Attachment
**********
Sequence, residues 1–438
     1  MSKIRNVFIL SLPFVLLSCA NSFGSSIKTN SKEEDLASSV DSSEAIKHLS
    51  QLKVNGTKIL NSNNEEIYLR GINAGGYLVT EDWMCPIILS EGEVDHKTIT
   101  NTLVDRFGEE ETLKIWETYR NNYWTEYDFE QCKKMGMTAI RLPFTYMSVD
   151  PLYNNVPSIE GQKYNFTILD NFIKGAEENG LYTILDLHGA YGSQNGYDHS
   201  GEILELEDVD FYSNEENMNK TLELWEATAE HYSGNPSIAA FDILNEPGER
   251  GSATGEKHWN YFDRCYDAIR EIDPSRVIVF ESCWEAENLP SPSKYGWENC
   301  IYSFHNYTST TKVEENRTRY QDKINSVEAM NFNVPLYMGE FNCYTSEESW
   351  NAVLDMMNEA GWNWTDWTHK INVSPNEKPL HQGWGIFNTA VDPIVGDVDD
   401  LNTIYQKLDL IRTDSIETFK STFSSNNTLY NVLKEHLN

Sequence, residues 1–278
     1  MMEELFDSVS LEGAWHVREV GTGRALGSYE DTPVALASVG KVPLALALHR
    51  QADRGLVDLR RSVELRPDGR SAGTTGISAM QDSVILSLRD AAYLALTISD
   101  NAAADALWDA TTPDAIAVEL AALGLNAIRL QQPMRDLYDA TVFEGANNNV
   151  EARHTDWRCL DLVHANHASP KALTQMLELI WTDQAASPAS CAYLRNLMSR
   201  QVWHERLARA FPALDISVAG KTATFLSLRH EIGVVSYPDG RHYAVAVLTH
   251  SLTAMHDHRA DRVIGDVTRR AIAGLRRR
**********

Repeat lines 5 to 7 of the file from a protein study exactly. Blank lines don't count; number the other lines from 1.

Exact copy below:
   151  PLYNNVPSIE GQKYNFTILD NFIKGAEENG LYTILDLHGA YGSQNGYDHS
   201  GEILELEDVD FYSNEENMNK TLELWEATAE HYSGNPSIAA FDILNEPGER
   251  GSATGEKHWN YFDRCYDAIR EIDPSRVIVF ESCWEAENLP SPSKYGWENC